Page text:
The book moves quite quickly for such a vast tome (over 1,200 pages in length); in this translation by Robin Buss, Dumas is a fresh and lively writer who rarely bogs down in excessive detail. It’s quite a feat, considering the number of characters and plot twists thrown into the story. The tension to be had from awaiting what appears to be the ultimate fate of the Count’s intended targets: will he also destroy the families of the men who betrayed him? Just how far will Dantès’ quest for revenge take him? Along the way, many other secrets are revealed, some of which have disastrous or scandalous consequences, and it does seem that Dumas is trying to tell us that those who exercise their freewill to the detriment of others tend to be drawn toward others with similar characters, even if they do not realize it. The ending, unfortunately, does seem as though Dumas simply had a bad case of writer’s-quill cramp and wanted to wrap everything up, for which I can hardly blame him, but it would have been nice to be present, as a reader, when the girl came back out of the coffin, as it were. I’ll say no more than that.
For such a sombre-seeming story, there are occasional delightfully light touches. My favourite of these came in Chapter Sixty-One “How to Rescue a Gardener from Dormice Who Are Eating His Peaches,” which provides what is almost a tale within a tale as the Count of Monte Cristo attempts to sway a telegraph operator to do his will. It is an incident of cunningly playing on the dreams and desires of a humble man, and dangling irresistible temptation before him, which has important consequences for the larger story. Yet there is something refreshing and whimsical about that moment in the novel, which imbues it with a particular charm.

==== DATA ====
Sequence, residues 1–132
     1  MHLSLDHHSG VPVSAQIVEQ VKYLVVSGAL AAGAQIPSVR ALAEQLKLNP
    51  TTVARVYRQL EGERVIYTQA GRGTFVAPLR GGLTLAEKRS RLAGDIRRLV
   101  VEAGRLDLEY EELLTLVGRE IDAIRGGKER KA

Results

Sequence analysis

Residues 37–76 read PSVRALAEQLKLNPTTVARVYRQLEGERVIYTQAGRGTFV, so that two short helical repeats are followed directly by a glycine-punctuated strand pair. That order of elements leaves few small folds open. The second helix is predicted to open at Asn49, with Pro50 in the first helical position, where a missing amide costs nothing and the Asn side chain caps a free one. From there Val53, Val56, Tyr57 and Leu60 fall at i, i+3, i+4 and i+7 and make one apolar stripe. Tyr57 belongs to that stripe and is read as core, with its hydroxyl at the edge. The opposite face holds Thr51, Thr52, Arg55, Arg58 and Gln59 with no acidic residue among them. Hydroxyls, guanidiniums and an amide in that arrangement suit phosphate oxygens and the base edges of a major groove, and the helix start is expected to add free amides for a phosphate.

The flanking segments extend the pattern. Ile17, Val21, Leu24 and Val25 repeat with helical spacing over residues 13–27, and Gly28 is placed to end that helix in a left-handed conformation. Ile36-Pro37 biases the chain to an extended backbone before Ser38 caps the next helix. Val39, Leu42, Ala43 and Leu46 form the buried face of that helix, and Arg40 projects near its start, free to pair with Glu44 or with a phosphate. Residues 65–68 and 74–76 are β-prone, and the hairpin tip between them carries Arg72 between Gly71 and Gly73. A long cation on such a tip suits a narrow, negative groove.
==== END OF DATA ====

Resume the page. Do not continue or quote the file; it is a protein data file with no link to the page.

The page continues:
If I had to tell the new reader one thing, it would be to provide this morsel of trivia regarding the prison, the Château d’If. Although I do read some French, I don’t have a fully comprehensive vocabulary, and I only found, quite by chance and a month after I finished the book, what the name of the prison actually means: if is the French word for a yew tree. Although the yew has several folkloric and historical significances, to my mind, understanding the name immediately conjured the image of a yew growing in a churchyard, implying impending death. ‘Yew Castle,’ therefore, was not a place to which one is sent when sentenced to an open prison for a light spot of tax evasion. It’s a place to go when you’re meant to die. That implication, I think, increases the emotional weight of the hopelessness engendered by Dantès unfair sentence.
According to translator Robin Buss, this is the first unexpurgated version of Monte Cristo in English, and a lot of tame (to modern readers, anyway) references to poisoning, violence, and even a spot of mild lesbianism are left in the book as a result. But this is part of the liveliness and honesty of this tale, which ends up, in spite of itself, with a rather moral tone to it. The Count of Monte Cristo is no more a swashbuckling tale than it is a passion play, and it is certainly not “a children’s book,” but it is a tremendous, expansive tale. Put this one on your “To Read” pile, especially if you have planning for your own vendettas in mind. Well worth the time and effort, I give a rating four and a half stars (removing a half-star for chronology errors, and a slightly too-truncated ending).
Originally reviewed 23 August 2015.